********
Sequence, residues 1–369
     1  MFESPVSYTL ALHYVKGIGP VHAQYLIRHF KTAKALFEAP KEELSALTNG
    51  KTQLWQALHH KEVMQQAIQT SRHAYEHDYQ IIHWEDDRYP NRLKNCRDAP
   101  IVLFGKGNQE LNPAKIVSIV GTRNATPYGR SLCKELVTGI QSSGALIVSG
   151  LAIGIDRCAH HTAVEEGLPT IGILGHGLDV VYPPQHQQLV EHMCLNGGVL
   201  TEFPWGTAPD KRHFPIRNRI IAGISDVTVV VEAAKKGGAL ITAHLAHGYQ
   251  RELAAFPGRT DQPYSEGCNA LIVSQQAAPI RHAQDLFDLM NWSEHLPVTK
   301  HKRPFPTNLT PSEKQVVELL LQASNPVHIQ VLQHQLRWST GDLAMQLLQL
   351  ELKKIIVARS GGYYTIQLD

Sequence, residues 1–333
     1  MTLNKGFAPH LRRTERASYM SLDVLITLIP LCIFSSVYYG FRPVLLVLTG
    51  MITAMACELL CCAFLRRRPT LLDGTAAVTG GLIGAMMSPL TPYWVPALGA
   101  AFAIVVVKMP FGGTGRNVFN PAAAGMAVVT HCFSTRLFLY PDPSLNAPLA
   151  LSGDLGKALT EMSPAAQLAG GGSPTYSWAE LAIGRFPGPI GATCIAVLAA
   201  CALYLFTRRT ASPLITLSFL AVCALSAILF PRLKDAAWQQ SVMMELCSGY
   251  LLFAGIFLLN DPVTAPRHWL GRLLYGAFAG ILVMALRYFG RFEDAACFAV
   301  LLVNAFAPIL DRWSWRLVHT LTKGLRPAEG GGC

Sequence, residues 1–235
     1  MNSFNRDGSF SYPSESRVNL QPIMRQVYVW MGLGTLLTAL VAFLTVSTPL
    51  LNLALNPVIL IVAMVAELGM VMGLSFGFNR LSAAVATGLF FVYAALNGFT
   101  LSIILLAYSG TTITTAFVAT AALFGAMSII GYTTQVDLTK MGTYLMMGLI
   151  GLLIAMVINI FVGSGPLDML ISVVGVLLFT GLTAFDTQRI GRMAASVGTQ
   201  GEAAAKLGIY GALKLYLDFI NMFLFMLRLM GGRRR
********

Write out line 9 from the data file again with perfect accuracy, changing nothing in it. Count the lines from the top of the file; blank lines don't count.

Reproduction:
   351  ELKKIIVARS GGYYTIQLD